My daughter’s first-grade teacher sent home a letter welcoming us to the new year and helping pave the way for her expectations. One of the main take-aways from the letter is how important a parent’s involvement is in their child’s academic success. She explained how parents are part of the team that helps build a solid relationship with education and learning. Parent-teacher communication is critical to that success throughout the year.
One problem teachers face is how to get in touch with parents consistently. Sure, they may send home flyers that share information about their child, upcoming events, and anything else, but sometimes those flyers can go unnoticed, or ignored. Especially if a parent has more than one student in school, and the papers start to pile up!
For other important communication at the school level, the most common method is when you receive a phone call with a recorded message sharing some information – like a school closure, or district wide events like fundraising within the community. This is more or less a successful way of communicating – as long as parents answer their phones or check their voice mails. But, for all of the day-to-day, or week-to-week communication, specifically about their students, the right tool for a teacher might be digital. Many parents attend a meet and greet with their child’s teacher at the beginning of the school year, and during that time it could be helpful if teachers asked the parents which digital tools they feel comfortable using.
A number of tools have been developed in recent years to make it possible to share student work, or simply share important information.
Here’s the low-down on the existing parent-teacher communication tools:
School portals are common, but they are often clunky, usually poorly designed, and not intuitive. I would guess that many parents throw their hands up with frustration at the lack of communication about HOW to use these portals, and how to actually get the information they need from them.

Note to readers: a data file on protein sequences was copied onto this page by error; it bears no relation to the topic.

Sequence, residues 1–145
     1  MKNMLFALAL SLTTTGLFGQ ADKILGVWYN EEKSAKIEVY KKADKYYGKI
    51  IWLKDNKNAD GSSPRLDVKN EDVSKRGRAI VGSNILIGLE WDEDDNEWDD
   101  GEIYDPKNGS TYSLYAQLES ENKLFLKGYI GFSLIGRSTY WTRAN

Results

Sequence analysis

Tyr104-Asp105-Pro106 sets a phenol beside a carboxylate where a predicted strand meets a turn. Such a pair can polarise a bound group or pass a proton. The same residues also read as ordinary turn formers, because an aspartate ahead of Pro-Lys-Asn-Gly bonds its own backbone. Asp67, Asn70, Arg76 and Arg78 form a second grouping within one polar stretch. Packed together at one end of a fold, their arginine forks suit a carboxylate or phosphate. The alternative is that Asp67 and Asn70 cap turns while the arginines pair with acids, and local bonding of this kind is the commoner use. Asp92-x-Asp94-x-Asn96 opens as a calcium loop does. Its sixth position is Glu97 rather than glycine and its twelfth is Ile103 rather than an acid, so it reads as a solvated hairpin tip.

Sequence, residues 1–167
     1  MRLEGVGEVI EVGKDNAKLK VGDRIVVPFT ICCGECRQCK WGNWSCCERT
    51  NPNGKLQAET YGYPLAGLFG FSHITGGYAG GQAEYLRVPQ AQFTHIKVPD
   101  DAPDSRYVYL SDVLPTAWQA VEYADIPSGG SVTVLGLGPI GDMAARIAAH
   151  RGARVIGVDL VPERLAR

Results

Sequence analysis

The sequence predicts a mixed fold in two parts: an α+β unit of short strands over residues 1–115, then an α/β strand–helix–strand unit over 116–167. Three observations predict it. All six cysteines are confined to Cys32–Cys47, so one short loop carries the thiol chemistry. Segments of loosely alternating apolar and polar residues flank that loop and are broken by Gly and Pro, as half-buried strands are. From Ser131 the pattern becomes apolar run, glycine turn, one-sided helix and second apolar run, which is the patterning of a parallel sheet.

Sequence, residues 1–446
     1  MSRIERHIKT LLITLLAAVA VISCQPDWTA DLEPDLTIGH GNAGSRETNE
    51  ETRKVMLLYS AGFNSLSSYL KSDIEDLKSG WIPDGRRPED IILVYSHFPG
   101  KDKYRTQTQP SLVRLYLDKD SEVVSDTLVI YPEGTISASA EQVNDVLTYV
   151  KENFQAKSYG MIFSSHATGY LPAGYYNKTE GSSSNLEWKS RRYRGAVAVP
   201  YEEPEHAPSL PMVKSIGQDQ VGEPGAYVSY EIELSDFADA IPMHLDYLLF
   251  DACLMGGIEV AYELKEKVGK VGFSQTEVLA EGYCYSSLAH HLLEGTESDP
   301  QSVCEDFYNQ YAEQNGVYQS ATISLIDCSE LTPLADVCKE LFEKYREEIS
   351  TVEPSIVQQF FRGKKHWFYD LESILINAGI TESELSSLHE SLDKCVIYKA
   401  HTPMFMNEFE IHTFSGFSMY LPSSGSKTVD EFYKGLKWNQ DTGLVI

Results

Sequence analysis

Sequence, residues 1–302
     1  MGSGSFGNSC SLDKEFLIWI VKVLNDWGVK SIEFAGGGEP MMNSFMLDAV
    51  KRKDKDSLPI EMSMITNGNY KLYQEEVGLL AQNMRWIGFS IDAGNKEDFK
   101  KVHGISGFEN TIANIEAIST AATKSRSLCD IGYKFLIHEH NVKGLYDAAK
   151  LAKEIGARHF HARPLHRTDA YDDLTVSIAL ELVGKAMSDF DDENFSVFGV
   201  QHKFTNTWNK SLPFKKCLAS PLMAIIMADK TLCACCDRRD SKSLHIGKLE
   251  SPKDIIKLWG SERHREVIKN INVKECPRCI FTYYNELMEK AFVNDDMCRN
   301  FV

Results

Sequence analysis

Facebook has features that provide opportunities for parent-teacher engagement. This requires a teacher to create a page for their classroom or courses, and to let parents know the page exists, or invite them to a private group. This also allows parents to directly message the teacher as a form of two-way-communication.
Learning Management Systems
Many Learning management systems have features that provide access to lessons, assignments, grades, and other details the teacher or school provides. Whether they allow for teacher messages or day-to-day communication depends on the platform. Some learning management systems that foster parent-teacher engagement include Google Classroom, and Blackboard K-12.
Google Classroom: Once teachers set up their students in Google Classroom, parents can get classroom announcements, an overview of their student’s progress, and due dates for assignments.
Blackboard K-12: In addition to Blackboard’s online classroom platform, they enable the creation of branded school websites—which is helpful for school-wide parent engagement. Parents can also log into ParentLink to view information about their child and their coursework.
Seesaw is portfolio tool that students upload their work to, that allows parents to view their child’s projects and writing assignments. Teachers curate all content before it is visible on the platform.
Remind is a one-way messaging application. Teachers could send messages directly to parents if they opt-in, and it will let the teacher know if a user has not seen the message. The parent must set up this app in advance and “join” a class to get messages.
Weebly is a platform to create a class website, which might be the right choice for certain teachers to address their communication needs. The platform is user-friendly, teachers can create a unique website domain name, and depending on their tech savvy, they can share whatever they wish on the site.
This brief list of communication resources provides some choices for parent-teacher engagement. Many of these platforms were surveyed recently, and the results were published in MDR’s opens in a new windowlatest state of the market report. Staying informed about student progress can be challenging, given how busy many parents lives are. How can schools and/or teachers successfully, and consistently communicate with parents, in a way that is user friendly, considerate of data privacy, and provides the best opportunity for student success? Perhaps it’s a platform that hasn’t been built yet – maybe you can design the right solution.